California legislature did something good? Yes, and Oregon should follow.

Oregonians In Action

California abolishes redevelopment agencies – Oregon should too – stop the abuses of the eminent domain process

On Friday, the California Supreme Court rejected a constitutional challenge to Assembly Bill 1X 26, a bill approved by the California Legislature that abolished the state’s 400 redevelopment agencies.

Over the years, California’s redevelopment agencies have abused the eminent domain process hundreds of times, taking valuable private property from California families and giving it to developers to develop condos, “smart growth” developments, and other politically correct developments that the market won’t support without massive taxpayer subsidies.

The cost to California taxpayers has been staggering – according to the Institute for Justice, a group which has spent years fighting eminent domain abuse across the country, the California redevelopment agencies have siphoned billions of taxpayer dollars to fund these redevelopment schemes. In the 2005-06 fiscal year alone, California’s redevelopment agencies received $8.7 billion in tax revenues!

These taxes normally would go to fund state programs like schools, police, corrections, parks, and roads. But instead, taxpayer dollars have been diverted to finance developments that few people want, and that the market won’t support.

Last year, the California legislature had finally had enough. Facing a budget shortfall of epic proportions, the legislature voted to abolish the state’s redevelopment agencies and stop the siphoning of tax dollars. Governor Jerry Brown signed the bill, and yesterday, the California Supreme Court upheld the new law.

Oregon also has a history of eminent domain abuse, although not nearly to the same extent as California’s. In Oregon, urban renewal districts are a favorite tool of local governments to siphon property taxes away from needed public services and towards “smart growth” developments favored by the planning elite.

In addition, property taxes siphoned by urban renewal districts are used to finance public transportation pet projects like light rail systems and trolleys, while at the same time cutting back on buses and other public transportation systems.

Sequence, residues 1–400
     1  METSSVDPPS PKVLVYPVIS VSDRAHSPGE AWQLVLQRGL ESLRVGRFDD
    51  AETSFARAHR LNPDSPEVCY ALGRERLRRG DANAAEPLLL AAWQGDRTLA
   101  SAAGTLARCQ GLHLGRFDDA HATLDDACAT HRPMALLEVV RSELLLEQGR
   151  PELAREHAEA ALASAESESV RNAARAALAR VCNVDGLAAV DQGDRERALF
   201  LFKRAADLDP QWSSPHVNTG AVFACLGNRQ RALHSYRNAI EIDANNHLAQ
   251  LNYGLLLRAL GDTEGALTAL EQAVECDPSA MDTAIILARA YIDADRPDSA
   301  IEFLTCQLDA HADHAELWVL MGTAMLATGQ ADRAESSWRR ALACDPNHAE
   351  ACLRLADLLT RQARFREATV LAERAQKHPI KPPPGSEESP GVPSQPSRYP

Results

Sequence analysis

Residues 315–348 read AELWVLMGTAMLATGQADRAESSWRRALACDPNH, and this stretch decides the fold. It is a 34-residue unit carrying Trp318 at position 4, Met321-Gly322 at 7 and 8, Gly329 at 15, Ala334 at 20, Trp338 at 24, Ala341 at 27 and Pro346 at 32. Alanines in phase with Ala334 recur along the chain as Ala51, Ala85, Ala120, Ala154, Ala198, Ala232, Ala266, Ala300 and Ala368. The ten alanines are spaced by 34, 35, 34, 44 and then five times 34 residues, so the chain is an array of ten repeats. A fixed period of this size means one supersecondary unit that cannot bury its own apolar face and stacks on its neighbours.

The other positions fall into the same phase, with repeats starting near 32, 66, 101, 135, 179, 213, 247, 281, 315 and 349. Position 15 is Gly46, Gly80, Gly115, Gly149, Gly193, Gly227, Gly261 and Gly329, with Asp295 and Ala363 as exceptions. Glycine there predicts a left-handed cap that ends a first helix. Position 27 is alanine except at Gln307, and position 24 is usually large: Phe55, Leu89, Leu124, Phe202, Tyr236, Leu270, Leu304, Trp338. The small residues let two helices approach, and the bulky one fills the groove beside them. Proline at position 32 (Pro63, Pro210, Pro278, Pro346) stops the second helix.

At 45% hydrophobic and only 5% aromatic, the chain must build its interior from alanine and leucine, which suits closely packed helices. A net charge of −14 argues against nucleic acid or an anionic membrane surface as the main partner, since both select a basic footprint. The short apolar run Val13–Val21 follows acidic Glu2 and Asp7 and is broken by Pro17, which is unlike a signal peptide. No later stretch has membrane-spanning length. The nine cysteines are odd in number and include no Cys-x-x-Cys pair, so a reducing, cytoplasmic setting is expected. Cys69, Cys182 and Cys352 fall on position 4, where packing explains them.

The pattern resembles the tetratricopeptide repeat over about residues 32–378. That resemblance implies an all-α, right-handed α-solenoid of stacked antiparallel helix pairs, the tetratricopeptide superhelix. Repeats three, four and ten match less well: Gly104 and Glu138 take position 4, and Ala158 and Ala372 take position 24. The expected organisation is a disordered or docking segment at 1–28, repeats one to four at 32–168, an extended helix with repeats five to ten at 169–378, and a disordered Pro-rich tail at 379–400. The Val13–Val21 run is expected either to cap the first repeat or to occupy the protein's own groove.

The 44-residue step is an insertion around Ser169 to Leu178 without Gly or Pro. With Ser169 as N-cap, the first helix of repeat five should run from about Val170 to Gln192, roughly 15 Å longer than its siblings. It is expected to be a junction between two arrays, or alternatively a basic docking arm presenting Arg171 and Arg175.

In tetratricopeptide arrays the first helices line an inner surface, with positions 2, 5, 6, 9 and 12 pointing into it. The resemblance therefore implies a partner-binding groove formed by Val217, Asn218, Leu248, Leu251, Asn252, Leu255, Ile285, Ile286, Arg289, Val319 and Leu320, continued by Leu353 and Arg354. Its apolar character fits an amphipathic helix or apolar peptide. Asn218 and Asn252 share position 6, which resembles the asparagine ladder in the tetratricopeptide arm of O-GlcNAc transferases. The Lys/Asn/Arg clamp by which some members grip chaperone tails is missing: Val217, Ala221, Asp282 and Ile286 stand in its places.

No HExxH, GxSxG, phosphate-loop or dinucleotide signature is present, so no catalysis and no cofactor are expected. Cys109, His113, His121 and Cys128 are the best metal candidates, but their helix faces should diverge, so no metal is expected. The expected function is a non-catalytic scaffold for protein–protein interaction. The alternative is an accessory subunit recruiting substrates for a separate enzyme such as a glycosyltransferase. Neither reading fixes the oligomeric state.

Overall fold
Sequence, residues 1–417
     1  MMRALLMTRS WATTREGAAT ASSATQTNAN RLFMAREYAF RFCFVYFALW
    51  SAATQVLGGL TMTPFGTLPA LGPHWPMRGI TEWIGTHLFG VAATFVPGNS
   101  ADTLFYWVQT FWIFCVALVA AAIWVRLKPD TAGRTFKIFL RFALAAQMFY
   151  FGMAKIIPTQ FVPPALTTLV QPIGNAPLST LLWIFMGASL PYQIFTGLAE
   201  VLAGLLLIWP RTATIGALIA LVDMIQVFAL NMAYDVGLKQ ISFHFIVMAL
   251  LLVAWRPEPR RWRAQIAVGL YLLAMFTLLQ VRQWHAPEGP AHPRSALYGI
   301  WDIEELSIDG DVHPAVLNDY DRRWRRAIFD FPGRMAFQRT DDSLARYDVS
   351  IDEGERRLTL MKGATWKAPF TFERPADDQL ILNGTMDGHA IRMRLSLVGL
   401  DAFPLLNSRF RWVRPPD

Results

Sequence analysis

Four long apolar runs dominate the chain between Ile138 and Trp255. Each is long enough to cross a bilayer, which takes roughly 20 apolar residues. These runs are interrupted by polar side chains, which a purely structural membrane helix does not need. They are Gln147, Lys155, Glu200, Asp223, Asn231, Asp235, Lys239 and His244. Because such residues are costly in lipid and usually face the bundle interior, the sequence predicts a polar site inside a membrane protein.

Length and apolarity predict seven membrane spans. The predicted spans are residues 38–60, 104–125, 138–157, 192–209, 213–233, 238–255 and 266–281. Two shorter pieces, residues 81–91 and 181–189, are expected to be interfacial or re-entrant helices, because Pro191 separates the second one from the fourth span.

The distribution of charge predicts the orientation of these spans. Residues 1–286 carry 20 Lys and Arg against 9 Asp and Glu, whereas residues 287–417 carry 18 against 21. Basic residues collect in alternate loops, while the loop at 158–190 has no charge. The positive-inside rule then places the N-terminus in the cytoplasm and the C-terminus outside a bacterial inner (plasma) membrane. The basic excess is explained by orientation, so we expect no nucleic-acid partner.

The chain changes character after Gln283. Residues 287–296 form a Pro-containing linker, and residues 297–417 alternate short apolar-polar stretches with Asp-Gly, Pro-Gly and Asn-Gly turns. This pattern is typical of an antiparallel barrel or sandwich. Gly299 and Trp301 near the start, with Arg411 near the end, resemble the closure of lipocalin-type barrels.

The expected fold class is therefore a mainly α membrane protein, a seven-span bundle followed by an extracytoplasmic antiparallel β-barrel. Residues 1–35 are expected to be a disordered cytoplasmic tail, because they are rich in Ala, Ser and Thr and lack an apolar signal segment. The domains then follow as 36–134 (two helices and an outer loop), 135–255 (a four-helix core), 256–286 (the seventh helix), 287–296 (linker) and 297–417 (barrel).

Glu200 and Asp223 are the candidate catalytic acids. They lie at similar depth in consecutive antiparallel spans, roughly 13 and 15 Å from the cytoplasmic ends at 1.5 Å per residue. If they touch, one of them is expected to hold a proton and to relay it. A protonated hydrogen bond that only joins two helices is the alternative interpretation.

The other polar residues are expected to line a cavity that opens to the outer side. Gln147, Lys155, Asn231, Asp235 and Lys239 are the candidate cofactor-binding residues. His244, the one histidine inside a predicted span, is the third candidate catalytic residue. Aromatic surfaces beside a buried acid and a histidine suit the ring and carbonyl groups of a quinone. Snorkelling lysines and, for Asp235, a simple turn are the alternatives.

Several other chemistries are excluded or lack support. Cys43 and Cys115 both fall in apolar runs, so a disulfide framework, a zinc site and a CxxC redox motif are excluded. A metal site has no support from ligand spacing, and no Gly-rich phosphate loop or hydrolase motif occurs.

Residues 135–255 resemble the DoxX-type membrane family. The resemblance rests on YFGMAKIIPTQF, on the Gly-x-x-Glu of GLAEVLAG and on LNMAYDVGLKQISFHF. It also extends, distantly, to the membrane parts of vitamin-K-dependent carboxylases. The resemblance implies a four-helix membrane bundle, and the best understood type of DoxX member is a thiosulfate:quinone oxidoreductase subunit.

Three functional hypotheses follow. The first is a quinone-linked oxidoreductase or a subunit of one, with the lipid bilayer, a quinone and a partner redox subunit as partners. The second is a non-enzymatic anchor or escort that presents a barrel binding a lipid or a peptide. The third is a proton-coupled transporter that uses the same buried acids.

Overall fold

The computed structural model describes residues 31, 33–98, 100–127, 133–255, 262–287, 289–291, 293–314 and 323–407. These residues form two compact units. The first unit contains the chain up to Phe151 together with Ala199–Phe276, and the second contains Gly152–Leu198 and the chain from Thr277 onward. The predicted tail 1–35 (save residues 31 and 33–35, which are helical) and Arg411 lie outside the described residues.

The cost of these projects is so high, and the demand so low, that the private sector would never construct these projects without enormous taxpayer subsidies. Whether they’re called redevelopment agencies or urban renewal districts, these schemes have cost American citizens billions of wasted taxpayer dollars, and hurt needed public services that we all use.

In Oregon, Oregonians In Action was able to put Ballot Measure 39 on the ballot in 2006, to stop state and local governments (and urban renewal districts) from using eminent domain to take private property from one person and transfer it to another private citizen or company.

Measure 39 has passed and has stopped one form of eminent domain abuse in its tracks. But it hasn’t stopped urban renewal districts from taking taxpayer dollars, finding willing sellers, and building things that the free market would never support, because the public doesn’t want them.

Stopping redevelopment agencies (or urban renewal districts) isn’t a partisan battle – after all, the California legislature is controlled overwhelmingly by Democrats, and Governor Brown is also a Democrat. Instead, it’s simply a matter of having the legislature live within its means, and use taxpayer dollars for true public services, not developments designed to make our land use laws (or California’s) look good.

This is one instance where the Oregon legislature should take a cue from their California counterparts.

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  • Tolonges

    Thank you for your remarks and one of the positive points here is, as you say, a kabash on unconstitutional takings.  However, I’m very curious, in light of recent arbitrary “takings” of attorney client trust accounts by the California Attorney General’s Office (as a bizarre form of attorney discipline) what exactly is being done with this money?  Has Governor Brown or Kamala Harris or anyone defined the intended uses (specifically) of the funds seized?  And what about the $535 Million in settlement of consumer claims from Bank of America?  When are they going to start writing checks to the consumers harmed by Bank of America insteading of holding on to it while it accrues interest?  Another interesting story:
    The 1st Amendment Civil Rights lawsuit brought by CA Journalist, Erin Baldwin, is now in the United States Court of Appeal and names Bank of America, the California State Bar, UDR, Inc. (NYSE:UDR),California Attorney General’s Office, the County of Orange and the County of San Bernardino. See: https://cacorruptionwatch.wordpress.com/2011/12/30/federal-judge-josephine-tucker-acts-wo-jurisdiction-to-deny-disqualification-of-judge-david-o-carter-erin-baldwin-appeals/

  • BeFree

    These so-called “agencies” are nothing more than make-work projects for hiring people who couldn’t get work in the private sector if their lives depended on it.